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Thread: Egypt News

  1. #41
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    Egypt blocks 21 websites, including Al Jazeera


    Websites were blocked for being affiliated with the outlawed Muslim Brotherhood or for being funded by Qatar, security sources said

    Egypt has banned 21 news websites, including the main website of Qatar-based Al Jazeera television, for "supporting terrorism", state news agency MENA and security sources said on Wednesday.

    Reuters tried to access five websites named by local Egyptian newspapers and broadcasters, including the Al Jazeera website, and found them all inaccessible.

    There was no immediate official comment available. An official from the National Telecom Regulatory Authority could not confirm or deny the news, but said: "So what if it is true? It should not be a problem."

    MENA cited a senior security source as saying the websites, which also included some Egypt-focused outlets hosted abroad such as Masr Al Arabiya that the government says are financed by Qatar, were blocked because they supported "terrorism".

    "A senior security source said 21 websites have been blocked inside Egypt for having content that supports terrorism and extremism as well [as] publishing lies," MENA said.

    The security source said legal action would be taken against the websites, MENA reported.

    Two security sources told Reuters the websites were blocked for being affiliated with the outlawed Muslim Brotherhood or for being funded by Qatar.

    Cairo accuses Qatar of supporting the Brotherhood, which was ousted from power in Egypt in 2013 when the military removed elected Islamist President Mohamed Morsi following mass protests against his rule.

    However, Mada Masr, an Egyptian news website based inside the country which describes itself as progressive and has no Islamist or Qatari affiliations, was also inaccessible on Wednesday.

    The Huffington Post's Arabic website also was inaccessible, although the international version was accessible.

    Mada and the Huffington Post were not named by security sources - who said there were 21 websites but named only five - as part of the list of blocked websites.

    The block follows similar actions taken earlier on Wednesday by Saudi Arabia and the United Arab Emirates who got into a war of words with Qatar and blocked Al Jazeera and other websites.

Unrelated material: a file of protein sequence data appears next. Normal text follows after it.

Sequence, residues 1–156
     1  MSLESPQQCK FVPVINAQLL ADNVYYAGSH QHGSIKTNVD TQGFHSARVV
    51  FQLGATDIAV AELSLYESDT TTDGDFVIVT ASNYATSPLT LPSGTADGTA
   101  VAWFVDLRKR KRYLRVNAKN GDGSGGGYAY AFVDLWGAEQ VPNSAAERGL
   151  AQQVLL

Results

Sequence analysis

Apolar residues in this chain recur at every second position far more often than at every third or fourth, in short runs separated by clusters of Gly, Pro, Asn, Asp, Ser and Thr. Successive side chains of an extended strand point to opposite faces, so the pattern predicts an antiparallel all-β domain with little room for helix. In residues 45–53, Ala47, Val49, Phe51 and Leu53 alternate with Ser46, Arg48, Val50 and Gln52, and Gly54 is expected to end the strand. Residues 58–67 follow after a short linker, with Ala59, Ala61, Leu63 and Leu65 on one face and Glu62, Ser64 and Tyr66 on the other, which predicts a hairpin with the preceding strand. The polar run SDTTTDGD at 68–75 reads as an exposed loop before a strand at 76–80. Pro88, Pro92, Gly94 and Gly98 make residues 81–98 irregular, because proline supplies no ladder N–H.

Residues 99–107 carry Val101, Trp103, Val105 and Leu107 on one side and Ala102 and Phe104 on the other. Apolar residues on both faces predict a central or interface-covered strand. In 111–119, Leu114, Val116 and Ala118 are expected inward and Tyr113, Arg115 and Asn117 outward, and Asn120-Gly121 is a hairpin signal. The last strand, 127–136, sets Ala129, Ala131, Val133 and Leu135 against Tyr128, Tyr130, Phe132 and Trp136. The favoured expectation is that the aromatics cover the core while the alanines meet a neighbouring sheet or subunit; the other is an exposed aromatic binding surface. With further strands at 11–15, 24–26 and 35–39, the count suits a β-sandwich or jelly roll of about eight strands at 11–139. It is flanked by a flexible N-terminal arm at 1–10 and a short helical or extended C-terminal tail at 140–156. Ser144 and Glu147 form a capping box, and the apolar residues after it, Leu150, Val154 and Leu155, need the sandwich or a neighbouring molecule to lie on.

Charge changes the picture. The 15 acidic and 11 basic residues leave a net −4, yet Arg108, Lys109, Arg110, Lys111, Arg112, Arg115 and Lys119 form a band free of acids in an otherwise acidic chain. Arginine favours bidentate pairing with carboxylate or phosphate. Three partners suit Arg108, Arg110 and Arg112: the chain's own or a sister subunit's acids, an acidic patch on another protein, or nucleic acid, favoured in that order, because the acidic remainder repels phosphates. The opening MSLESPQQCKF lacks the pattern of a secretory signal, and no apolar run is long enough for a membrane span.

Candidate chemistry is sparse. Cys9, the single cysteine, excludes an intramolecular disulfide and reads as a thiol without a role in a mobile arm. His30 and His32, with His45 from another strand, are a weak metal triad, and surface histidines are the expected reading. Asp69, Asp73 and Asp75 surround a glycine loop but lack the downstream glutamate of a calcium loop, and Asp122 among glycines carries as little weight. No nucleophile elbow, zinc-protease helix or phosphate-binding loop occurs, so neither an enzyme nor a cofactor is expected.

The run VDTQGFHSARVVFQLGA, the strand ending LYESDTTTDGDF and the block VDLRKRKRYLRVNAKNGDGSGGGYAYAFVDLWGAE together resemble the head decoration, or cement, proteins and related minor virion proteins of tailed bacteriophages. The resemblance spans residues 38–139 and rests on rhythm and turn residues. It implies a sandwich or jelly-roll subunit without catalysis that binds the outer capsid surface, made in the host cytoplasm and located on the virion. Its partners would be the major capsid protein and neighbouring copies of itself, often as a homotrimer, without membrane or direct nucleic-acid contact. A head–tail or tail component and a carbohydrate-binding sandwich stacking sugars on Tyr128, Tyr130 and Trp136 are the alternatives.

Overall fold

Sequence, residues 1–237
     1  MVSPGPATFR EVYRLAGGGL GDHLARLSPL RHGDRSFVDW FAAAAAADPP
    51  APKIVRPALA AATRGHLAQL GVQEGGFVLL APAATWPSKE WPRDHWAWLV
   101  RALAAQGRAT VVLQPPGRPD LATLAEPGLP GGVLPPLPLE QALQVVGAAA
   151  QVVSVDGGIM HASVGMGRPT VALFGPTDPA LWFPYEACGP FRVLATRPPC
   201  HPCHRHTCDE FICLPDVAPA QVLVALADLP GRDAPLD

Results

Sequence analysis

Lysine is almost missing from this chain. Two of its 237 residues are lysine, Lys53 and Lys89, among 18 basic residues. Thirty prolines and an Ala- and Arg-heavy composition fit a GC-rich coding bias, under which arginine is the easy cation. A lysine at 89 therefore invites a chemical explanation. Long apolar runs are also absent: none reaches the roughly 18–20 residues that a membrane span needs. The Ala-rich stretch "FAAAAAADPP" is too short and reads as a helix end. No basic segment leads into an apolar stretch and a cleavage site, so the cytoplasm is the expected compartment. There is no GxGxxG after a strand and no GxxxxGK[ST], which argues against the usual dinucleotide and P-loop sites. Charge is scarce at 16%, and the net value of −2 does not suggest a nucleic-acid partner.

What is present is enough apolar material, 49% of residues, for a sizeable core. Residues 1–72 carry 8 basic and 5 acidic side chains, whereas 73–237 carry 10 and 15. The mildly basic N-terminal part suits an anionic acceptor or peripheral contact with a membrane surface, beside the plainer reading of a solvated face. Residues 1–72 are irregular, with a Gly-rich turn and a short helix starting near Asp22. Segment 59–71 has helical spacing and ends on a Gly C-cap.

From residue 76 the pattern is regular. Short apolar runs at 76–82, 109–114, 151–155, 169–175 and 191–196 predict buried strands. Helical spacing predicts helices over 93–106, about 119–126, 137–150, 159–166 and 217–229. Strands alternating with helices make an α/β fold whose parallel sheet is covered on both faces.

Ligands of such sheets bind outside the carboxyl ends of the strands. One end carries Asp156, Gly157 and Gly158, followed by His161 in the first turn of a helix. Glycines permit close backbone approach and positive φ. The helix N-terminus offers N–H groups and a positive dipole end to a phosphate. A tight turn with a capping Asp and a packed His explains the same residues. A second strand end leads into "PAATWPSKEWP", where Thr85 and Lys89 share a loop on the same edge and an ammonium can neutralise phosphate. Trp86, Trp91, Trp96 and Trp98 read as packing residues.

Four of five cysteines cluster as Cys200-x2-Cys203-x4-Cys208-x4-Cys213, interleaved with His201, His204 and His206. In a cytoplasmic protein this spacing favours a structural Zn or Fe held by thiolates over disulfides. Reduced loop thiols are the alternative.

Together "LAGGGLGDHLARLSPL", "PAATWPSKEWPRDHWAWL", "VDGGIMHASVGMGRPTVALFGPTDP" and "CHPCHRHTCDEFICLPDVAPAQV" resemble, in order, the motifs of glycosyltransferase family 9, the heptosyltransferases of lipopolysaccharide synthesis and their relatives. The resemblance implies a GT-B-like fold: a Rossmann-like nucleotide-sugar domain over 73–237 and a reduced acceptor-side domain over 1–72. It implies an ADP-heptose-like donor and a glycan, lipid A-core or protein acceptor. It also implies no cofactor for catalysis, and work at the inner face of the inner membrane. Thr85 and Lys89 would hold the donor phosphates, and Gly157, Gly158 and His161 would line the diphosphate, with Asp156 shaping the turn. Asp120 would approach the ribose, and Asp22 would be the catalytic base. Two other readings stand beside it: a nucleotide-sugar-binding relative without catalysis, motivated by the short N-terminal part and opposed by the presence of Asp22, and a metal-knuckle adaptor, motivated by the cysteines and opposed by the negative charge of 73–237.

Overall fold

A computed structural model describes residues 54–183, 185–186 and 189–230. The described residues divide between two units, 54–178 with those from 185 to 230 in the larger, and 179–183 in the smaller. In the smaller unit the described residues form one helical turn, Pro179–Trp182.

Qatar said hackers had posted fake remarks by its emir against US foreign policy but Saudi and UAE state-run media reported the comments anyway.


  2. #42
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    Egypt: Gulf siege against Qatar should include Turkey

    June 14, 2017

    The Egyptian president has called on allies in the Gulf to escalate the diplomatic row with Qatar to include Turkey, the New Arab reported.

    According to the news outlet, President Abdel Fattah Al-Sisi urged Gulf leaders to expand their boycott until Ankara gives up support for Qatar. He is reported to have said that this would maintain the pressure on Doha to respond positively and help bring a speedy end to the regional siege.

    The sources said that Al-Sisi raised the matter during a meeting with the King of Bahrain, Hamad Bin Isa Al-Khalifa, last Thursday in Cairo. They added that Al-Sisi pushed for the escalation of the Arab campaign and accused Turkey of funding and hosting groups classified as “terrorist” such as the Muslim Brotherhood or organisations in Syria.

    According to the news outlet, Al-Sisi has not received a response to his suggestion. The sources pointed out that the Gulf countries were keen; however, to at least neutralise Turkey from assisting Qatar in the crisis.

    After his visit to Saudi Arabia and Egypt, the King of Bahrain sent his Foreign Minister, Khalid Bin Ahmed bin Mohammed Al-Khalifa, to Turkey to meet President Recep Tayyip Erdogan in an attempt to ease the conflict – especially in light of the agreement by Ankara to send Turkish troops to Doha.

    Egypt’s desire to escalate the matter with Turkey follows Erdogan’s sharp criticisms of the current Egyptian regime since the overthrow of the first democratically elected President, Mohamed Morsi, was ousted in a military coup.